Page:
#Onlineactivism: More Than Tweets the Eye

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New technologies and social media are enhancing social activism (Photo credit: Bay Ismoyo/AFP/Getty Images).

New technologies and social media are enhancing social activism (Photo credit: Bay Ismoyo/AFP/Getty Images).

By Natalie Butz, Communications Assistant at Amnesty International USA

It’s the phenomenon that’s spawned a thousand names and of course, its own hashtag. And ever since Malcolm Gladwell argued that “social media can’t provide what social change has always needed,” online activism has been critiqued as replacing on-the-ground grassroots organizing while offering only a fraction of the impact.

I thought about that argument last week as I stood with over 60 activists shouting chants and hoisting signs during Amnesty International USA (AIUSA)’s annual Get on the Bus event. Started in 1996 by a local AIUSA chapter in Somerville, Massachusetts, Get on the Bus is an annual day of human rights education and on-the-ground activism. The event’s name stems from its history; participants gather together on buses to rally at strategic locations on behalf of those whom governments would silence. Since its inception, Get on the Bus has spread to Amnesty International groups across the country, including New York City and Washington, D.C.

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“Never Accepting Defeat:” Amnesty’s Death Penalty Repeal Campaign in Maryland

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New technologies and social media helped Andrea Hall and Kevin Scruggs spread their message and mobilize activists (Photo credit: Bay Ismoyo/AFP/Getty Images).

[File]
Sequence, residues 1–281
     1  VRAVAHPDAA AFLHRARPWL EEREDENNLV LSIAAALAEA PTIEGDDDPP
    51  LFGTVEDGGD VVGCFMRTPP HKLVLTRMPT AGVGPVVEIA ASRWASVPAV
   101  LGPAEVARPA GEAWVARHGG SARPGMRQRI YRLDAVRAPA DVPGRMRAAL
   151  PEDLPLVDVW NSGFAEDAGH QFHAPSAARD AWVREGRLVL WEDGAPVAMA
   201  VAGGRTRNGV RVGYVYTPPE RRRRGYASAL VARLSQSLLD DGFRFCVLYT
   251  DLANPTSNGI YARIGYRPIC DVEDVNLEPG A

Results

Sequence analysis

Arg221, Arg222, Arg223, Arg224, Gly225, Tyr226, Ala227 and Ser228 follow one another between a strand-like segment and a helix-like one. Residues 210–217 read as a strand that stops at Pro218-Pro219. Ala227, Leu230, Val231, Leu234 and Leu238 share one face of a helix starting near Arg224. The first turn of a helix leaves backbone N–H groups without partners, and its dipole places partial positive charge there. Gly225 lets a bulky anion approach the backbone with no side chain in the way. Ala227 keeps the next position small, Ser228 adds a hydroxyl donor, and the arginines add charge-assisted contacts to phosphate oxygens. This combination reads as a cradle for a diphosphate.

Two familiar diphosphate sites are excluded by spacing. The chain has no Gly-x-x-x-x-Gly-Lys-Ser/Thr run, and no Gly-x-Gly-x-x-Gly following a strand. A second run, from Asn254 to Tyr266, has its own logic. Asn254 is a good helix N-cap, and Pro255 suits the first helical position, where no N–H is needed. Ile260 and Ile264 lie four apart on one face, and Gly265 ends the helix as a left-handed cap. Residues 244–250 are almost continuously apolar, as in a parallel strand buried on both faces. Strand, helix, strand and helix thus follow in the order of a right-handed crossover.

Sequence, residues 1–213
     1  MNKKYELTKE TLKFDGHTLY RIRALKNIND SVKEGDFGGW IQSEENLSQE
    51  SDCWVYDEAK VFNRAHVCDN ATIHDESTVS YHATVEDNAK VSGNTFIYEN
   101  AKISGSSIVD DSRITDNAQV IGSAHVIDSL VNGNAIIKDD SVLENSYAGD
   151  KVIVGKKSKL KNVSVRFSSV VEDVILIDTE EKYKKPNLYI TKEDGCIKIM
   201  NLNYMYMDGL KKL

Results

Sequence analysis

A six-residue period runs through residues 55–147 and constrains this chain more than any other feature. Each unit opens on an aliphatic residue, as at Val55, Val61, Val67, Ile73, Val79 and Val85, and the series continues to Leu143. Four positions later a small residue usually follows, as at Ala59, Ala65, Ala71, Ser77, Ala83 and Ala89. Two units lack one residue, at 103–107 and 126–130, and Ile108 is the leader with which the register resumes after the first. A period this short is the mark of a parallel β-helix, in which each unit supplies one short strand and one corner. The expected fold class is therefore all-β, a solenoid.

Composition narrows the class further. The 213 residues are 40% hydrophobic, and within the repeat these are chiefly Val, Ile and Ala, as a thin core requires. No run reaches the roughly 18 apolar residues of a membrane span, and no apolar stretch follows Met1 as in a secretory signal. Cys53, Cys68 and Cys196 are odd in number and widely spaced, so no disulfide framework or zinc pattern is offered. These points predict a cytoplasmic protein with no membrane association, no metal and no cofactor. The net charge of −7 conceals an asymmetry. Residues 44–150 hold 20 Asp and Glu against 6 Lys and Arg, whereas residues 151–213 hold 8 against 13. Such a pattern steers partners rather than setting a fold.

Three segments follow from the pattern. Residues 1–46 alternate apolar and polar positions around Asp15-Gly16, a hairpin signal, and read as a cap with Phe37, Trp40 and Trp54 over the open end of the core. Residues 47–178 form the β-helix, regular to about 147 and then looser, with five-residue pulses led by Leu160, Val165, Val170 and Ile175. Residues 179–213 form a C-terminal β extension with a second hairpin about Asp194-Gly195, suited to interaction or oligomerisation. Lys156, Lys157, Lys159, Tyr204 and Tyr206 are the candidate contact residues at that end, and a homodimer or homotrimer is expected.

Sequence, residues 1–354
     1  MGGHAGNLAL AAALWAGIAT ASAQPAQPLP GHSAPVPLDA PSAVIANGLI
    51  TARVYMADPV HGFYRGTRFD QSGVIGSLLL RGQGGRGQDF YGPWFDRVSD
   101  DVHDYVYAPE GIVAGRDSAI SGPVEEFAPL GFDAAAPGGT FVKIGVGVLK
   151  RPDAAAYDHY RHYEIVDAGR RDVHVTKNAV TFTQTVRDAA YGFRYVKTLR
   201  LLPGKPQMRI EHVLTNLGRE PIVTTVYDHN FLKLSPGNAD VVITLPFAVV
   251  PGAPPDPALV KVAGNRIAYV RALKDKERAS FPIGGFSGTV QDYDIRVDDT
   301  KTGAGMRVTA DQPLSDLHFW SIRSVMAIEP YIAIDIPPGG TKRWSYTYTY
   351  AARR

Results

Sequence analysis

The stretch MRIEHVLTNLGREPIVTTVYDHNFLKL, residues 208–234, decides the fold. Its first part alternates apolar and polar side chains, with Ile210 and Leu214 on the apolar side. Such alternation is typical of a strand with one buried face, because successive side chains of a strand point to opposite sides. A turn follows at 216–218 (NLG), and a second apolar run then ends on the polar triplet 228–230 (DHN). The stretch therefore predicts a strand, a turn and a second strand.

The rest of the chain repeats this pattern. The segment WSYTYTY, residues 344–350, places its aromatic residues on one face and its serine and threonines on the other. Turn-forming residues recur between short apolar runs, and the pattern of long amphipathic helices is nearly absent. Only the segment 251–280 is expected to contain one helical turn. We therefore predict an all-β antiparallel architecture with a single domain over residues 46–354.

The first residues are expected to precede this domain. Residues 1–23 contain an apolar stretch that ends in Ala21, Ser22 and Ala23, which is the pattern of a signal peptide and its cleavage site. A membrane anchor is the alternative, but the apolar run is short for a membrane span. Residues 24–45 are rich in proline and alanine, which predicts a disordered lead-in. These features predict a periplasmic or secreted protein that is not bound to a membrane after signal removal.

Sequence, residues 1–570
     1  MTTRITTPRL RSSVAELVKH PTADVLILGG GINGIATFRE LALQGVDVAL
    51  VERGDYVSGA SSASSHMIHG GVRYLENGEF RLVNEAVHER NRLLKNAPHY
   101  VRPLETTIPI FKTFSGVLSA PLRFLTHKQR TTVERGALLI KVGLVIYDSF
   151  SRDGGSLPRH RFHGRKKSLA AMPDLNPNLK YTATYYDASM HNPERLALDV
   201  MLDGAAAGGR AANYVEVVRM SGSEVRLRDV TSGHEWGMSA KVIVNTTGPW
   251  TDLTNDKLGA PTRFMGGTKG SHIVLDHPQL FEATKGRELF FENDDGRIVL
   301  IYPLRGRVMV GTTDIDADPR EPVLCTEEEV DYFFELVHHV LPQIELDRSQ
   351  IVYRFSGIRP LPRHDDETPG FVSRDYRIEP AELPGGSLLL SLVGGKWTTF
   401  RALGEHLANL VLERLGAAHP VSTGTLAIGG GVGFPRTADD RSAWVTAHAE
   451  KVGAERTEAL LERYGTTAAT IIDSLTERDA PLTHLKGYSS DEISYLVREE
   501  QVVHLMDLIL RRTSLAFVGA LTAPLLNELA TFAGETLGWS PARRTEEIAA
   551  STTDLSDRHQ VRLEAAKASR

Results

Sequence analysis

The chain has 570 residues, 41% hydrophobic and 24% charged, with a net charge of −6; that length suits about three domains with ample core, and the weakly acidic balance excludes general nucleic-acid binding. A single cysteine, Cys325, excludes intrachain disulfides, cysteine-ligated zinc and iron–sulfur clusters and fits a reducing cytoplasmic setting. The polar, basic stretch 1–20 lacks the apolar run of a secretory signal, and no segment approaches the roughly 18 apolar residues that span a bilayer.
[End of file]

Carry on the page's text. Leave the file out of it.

New technologies and social media helped Andrea Hall and Kevin Scruggs spread their message and mobilize activists (Photo credit: Bay Ismoyo/AFP/Getty Images).

By Andrea Hall and Kevin Scruggs – current Maryland State Death Penalty Abolition Coordinators (SDPACs)

This blog series tells the story of Amnesty International’s involvement in Maryland’s historic death penalty repeal campaign, featuring the memories and insights of volunteers and staff who played critical roles over more than three decades.

In 2010 and 2011, we were fortunate to land in Maryland’s established and well-organized death penalty repeal coalition, continuing the work that countless others began decades earlier.

When we took on the shared role of State Death Penalty Abolition Coordinators for Amnesty International, we knew that repeal was a realistic goal in the relative short term, and that we had skills and experience to give to this campaign.

It was immensely rewarding to see the system work. Each year, we would employ the same basic strategy: in the spring and summer, we would lay the groundwork for the legislative session. We attended fairs and concerts, knocked on doors, collected signatures, and phone-banked. We handed out flyers, spoke to student groups, wrote newsletters, and marched in rallies. We drove hundreds of miles to reach out to a diverse constituency.

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